When I think of God going against man’s conventional wisdom, I am reminded of how God must have had fun giving the traditional family “Blessing” to the younger child rather than the older, a tradition which God himself set up. Jacob and Esau were the most popular siblings whose “Blessing” was reversed. So who are we to question? Is not the creator allowed to create as he sees fit? Several times in my life, I have been given advice from very well meaning Christian people that seemed right, and may have been full of love to not hurt anyone, only to find out later events were going on behind the scenes which I was unaware that put a completely different spin on the situation. Because a way seems right to us, does not mean that God does not have a better plan. Nor do we pick and choose what God speaks according to our own agenda. Either God says everything or he says nothing. When we trust the Holy Spirit to guide, even in decisions which may initially hurt some, God will always work it out for our good (Romans 8:28). When we give or receive advice which comes from self-centeredness, advice that is man-pleasing, or advice based on one-sided information, God cannot do the work in our lives that will bring about our ultimate good.
Are we never to listen to advice? No. But we sift the words from trusted friends and relatives with the Word of God and the leading of the Holy Spirit, no matter how contrary God’s voice is to common traditions. We must have God as our ultimate priority…over everyone. Everyone. Even if what God tells us goes contrary to those closest to us. For Jesus said if we put anyone, even mother, father, son, or daughter above all else, we are not worthy of Him (Matthew 10:32-39). We need to consider the source. From what viewpoint is the advice coming from? The one person who gave acceptable advice was Elihu. He is not mentioned as one of Job’s friends…or as a relative. Elihu is not deemed as one to be heeded due to his age. He is young. Yet, 32:8 says, “But it is the spirit in a man, the breath of the Almighty, that gives understanding.” God’s spirit; not age, not having a PHD behind your name, not worldly learning, or learning from theological seminaries, not even eloquence; but it is God’s Holy Spirit which gives wisdom and understanding. When we seek or give advice, do we seek through prayer for wisdom through God’s spirit, or do we seek advice through our friends/relatives wisdom?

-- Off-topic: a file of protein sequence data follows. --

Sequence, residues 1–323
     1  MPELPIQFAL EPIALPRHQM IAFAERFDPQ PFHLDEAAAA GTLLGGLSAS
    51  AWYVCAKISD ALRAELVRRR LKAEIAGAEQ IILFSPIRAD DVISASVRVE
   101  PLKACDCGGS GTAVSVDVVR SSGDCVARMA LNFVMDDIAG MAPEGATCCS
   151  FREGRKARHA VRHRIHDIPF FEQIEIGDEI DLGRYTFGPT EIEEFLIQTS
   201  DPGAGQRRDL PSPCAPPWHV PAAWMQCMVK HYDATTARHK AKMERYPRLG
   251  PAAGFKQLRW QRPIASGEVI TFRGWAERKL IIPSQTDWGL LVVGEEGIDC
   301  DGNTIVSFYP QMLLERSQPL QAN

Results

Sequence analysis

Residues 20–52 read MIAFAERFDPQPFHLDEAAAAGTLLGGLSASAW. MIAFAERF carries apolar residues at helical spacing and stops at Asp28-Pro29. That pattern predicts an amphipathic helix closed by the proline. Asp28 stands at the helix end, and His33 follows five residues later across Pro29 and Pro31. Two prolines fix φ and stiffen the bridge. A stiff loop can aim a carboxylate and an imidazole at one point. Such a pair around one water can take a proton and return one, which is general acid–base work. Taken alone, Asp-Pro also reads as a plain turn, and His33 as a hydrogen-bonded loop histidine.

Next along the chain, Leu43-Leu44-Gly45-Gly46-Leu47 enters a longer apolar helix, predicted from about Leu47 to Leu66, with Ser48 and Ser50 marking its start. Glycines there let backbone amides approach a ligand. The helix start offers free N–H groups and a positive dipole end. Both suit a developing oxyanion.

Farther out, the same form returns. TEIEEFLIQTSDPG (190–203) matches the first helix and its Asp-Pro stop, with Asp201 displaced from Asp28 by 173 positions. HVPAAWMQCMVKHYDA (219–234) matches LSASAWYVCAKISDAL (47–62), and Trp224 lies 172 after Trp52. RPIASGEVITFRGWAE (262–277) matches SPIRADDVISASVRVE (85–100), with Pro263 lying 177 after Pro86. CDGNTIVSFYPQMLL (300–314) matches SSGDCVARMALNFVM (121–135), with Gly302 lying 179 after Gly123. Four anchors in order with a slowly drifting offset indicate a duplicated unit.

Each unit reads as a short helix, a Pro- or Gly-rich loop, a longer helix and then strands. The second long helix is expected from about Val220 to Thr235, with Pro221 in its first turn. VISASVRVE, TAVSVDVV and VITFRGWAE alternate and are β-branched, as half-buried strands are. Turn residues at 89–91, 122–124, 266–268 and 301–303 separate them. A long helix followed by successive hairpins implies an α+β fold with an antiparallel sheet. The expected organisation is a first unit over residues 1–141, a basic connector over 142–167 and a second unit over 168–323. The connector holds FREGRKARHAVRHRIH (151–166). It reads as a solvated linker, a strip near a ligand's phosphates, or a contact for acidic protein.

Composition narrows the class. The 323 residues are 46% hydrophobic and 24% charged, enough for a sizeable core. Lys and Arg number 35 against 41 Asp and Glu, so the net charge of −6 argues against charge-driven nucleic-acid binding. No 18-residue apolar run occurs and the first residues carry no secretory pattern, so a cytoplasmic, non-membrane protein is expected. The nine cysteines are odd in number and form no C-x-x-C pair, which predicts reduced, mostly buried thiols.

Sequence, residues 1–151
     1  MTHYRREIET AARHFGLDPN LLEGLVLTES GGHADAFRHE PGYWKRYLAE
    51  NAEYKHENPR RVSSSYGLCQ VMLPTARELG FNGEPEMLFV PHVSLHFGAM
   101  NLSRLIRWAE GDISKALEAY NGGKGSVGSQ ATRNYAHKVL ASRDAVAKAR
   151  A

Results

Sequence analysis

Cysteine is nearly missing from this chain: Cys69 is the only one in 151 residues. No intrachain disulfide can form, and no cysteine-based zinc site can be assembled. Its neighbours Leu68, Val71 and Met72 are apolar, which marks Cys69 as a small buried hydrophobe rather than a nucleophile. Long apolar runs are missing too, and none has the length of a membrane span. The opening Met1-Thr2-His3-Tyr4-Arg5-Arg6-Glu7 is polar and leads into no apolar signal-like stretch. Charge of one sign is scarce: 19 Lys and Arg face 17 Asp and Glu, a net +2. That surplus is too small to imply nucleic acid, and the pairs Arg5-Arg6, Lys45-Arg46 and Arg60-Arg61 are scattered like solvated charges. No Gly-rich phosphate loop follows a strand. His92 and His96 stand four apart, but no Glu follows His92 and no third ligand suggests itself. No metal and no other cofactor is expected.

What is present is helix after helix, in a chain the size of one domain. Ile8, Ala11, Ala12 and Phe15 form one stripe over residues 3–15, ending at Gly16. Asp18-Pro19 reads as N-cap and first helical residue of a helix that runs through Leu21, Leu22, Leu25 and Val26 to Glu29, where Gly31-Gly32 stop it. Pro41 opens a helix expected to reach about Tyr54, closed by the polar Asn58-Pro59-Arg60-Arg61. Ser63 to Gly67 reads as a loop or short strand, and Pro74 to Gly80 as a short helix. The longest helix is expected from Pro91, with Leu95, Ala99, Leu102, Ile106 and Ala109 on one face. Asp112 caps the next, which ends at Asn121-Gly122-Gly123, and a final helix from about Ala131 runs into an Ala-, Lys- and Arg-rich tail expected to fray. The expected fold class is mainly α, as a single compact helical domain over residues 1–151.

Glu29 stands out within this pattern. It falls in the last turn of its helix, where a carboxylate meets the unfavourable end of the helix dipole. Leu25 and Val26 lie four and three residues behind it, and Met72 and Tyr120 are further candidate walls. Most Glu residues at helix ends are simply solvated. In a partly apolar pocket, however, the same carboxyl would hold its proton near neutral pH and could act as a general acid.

What is amazing about Job’s whole story is the statement Elihu made in Job 34:21, “His eyes are on the ways of men, he sees their every step.” God is shown to be more majestic than we can comprehend, yet he loves us enough to know our every step. At the end of the book, God restores. Love only wants that which is in our best interest, not their interest, even though we may go through times of great pain. The horrible affliction Job experienced was not only for his own good, but for ours as well. To learn lessons of God’s majesty, loyalty, love. In the end, Job was restored twice over for that which was forfeited.